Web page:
Average PML
.4.5.3.2.10
Ð1
0
1
2
3
Phugoid root, rad/sec
PML
950027
Average PML
.19.14.09.04Ð.01
Ð1
0
1
2
3
Height root, rad/sec
PML
950028
19
increasing and decreasing PML as a function of increasing
instability. The lack of correlation between phugoid and
height mode instabilities and PML is inconsistent with the
pilotÕs estimation of workload (Þg. 19). The pilotÕs estima-
tion shows a strong correlation between workload and
increasing instability.
In some series of runs, PML increased as the number
of the runs evaluated in the series increased. After the
pilots evaluated a few runs in a series, they occasionally
complained that their Þngers became tired because of the
tapping. This effect could increase the irregularity of their
tapping and produce increasing PML with the number of
the runs evaluated in the series. This factor may indicate
pilot fatigue is sometimes a more signiÞcant factor in the
tapping workload measurement than the increasing insta-
bility. However, data from previous research
15
show no
indication of degradation caused by fatigue in test runs of
comparable length in time. No conclusive correlations
were observed when the data were evaluated for individual
pilots.
For this experiment, the tapping method was inconsis-
tent in measuring pilot workload. No reason for the incon-
sistency has been isolated to date because the various
effects could not be separated out with certainty.
SUMMARY
The NASA Dryden Flight Research Center and the
Technical University of Munich are cooperating to
research the ßying qualities impact of unstable long-term
dynamics on planes in hypersonic ßight. These issues
were investigated with a dedicated ßight simulator for
hypersonic vehicles located at NASA Dryden. The results
presented in this paper are as follows:
1.Level 2 handling qualities could be maintained to a
time-to-double-amplitude of 15 sec for the height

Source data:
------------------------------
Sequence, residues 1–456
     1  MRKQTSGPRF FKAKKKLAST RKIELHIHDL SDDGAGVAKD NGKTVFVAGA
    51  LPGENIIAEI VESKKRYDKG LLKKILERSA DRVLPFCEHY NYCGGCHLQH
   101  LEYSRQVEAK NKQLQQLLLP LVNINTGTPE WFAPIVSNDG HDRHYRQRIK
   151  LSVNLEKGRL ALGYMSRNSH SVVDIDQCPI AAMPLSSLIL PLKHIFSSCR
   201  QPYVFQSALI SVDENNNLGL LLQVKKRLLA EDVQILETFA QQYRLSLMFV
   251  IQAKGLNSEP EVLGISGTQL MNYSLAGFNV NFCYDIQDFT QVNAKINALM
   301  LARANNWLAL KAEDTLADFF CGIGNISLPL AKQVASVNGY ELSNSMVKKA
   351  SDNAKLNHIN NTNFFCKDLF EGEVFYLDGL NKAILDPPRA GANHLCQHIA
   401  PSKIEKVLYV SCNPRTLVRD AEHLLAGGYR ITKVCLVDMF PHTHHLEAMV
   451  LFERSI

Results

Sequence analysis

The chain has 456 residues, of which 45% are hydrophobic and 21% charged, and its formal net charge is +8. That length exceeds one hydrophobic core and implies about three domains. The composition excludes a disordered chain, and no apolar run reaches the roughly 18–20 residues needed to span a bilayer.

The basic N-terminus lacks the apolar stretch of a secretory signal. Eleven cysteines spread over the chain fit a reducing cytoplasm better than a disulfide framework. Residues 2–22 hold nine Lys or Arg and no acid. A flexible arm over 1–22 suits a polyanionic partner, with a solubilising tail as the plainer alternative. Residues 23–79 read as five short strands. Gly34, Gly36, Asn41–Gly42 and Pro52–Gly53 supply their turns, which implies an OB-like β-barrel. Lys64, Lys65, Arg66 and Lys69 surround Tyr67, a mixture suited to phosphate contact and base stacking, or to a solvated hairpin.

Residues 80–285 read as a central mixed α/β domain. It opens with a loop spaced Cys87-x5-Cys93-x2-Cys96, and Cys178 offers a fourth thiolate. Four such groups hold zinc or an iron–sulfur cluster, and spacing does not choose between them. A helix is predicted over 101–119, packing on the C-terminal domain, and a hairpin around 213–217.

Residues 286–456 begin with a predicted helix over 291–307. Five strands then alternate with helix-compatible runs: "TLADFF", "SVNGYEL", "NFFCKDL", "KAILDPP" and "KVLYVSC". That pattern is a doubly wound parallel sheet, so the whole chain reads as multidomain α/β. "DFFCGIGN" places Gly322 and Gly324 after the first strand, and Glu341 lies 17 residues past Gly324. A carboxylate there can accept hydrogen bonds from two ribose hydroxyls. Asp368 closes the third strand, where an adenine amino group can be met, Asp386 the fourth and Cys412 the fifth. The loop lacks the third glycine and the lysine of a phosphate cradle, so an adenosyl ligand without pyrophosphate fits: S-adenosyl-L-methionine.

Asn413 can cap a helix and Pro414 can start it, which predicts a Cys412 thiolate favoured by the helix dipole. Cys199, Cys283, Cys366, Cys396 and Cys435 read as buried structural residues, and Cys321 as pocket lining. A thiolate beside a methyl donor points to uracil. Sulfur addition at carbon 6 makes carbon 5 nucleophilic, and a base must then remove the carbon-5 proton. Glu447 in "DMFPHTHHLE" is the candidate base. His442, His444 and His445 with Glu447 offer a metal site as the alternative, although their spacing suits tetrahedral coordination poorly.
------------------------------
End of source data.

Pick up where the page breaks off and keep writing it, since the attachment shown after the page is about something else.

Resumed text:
mode and 3 sec for the phugoid mode. Level 2 is ap-
propriate for the design of a manual backup control
mode; however, the trends in the ratings indicated
Òcliff-likeÓ tendencies that may warrant extra margin
in design. The borders of controllability were a time-
to-double-amplitude of 5 sec for the height mode and
1.4 sec for the phugoid mode. A technique developed
by the pilots to take advantage of the coupling of thrust
between the vertical and longitudinal axes allowed
these large instabilities to be ßyable.
2.The pilots were able to maintain a steady level turn at
or within desired performance margins even at the
highest levels of instabilities, but at a high cost of
workload, as reßected by the increased Cooper-Harper
ratings.
3.The ßying qualities impact from the long-term dynam-
ics inßuence control power design requirements. The
inßuence is shown by the deterioration of
the Cooper-Harper ratings that accompanies decreas-
ing available control power. As instability increases,
the bandwidth required approaches the bandwidth the
pilot is capable of producing with the aircraft. At this
point, workload and Cooper-Harper ratings deteriorat-
ed. Decreasing control power has a similar effect.
4.A method for measuring pilot workload, the tapping
method, did not work as shown by the inconsistent re-
sults for these experiments.
REFERENCES
1
Ltzerich, K., ÒComparative Assessment of Future
Aerospace Planes,Ó AIAA-93-5014, Nov. 1993.
2
Berry, Donald T., National Aero-Space Plane Flying
Qualities Requirements, NASP TM-1084, 1989.
3
U.S. Department of Defense, ÒFlying Qualities of Pilot-
ed Vehicles,Ó MIL-STD-1797, Mar. 1987.
4
Sachs, Gottfried, ÒFlying Qualities Problems of Aero-
space Craft,Ó AIAA-90-2804, Aug. 1990.
5
Berry, Donald T., ÒLongitudinal Long-Period Dynam-
ics of Aerospace Craft,Ó AIAA-88-4358, Aug. 1988.
6
Etkin, Bernard, ÒLongitudinal Dynamics of a Lifting
Vehicle in Orbital Flight,Ó Journal of the Aerospace Scienc-
es, Vol. 28, 1961, pp. 779Ð788, 832.
7
Sachs, G., Knoll, A., Stich, R., and Cox, T.,
ÒFlugeigenschaftsuntersuchungen mit dem Hyperschall-
Flugsimulator der NASA,Ó DGLR Jahrbuch 1993 I,
Sep. 1993, s. 77Ð83.
8
Sachs, G., Knoll, A., Stich, R., and Cox, T., ÒSimula-
tions- und Flugversuche ber Flugeigenschaften von Hy-
perschall-Flugzeugen,Ó Zeitschrift fr Flugwissen-schaften
und Weltraumforschung, Band 19, Heft 1, Feb. 1995.
9
Sachs, G., Knoll, A., Stich, R., and Cox, T., ÒHyperson-
ic Simulator Experiments for Long-Term Dynamics Flying
Qualities,Ó AIAA-93-5088, Nov. 1993.
10
Sachs, G., Knoll, A., Stich, R., and Cox, T., ÒSimulator
and Flight Tests on Aerospace Plane Long-Period Control
and Flying Qualities,Ó AIAA-94-3508, Aug. 1994.
11
Berry, Donald T., National Aerospace Plane Flying
Qualities Task DeÞnition Study, NASP TM-100452, 1988.
20
12
Grantham, William D., Nguyen, Luat T., Neubauer,
M.J., Jr., and Smith, Paul M., ÒSimulator Study of the Low-
Speed Handling Qualities of a Supersonic Cruise Arrow-
Wing Transport ConÞguration During Approach and Land-
ing,Ó Proceedings of the SCAR Conference, NASA
CP-001, Nov. 1976.
13
Cooper, George E., and Harper, Robert P., Jr., The Use
of Pilot Rating in the Evaluation of Aircraft Handling
Qualities, NASA TN-D-5153, 1969.
14
Berry, Donald T., and Gilyard, Glenn B., ÒAir-
frame/Propulsion System InteractionsÑAn Important Fac-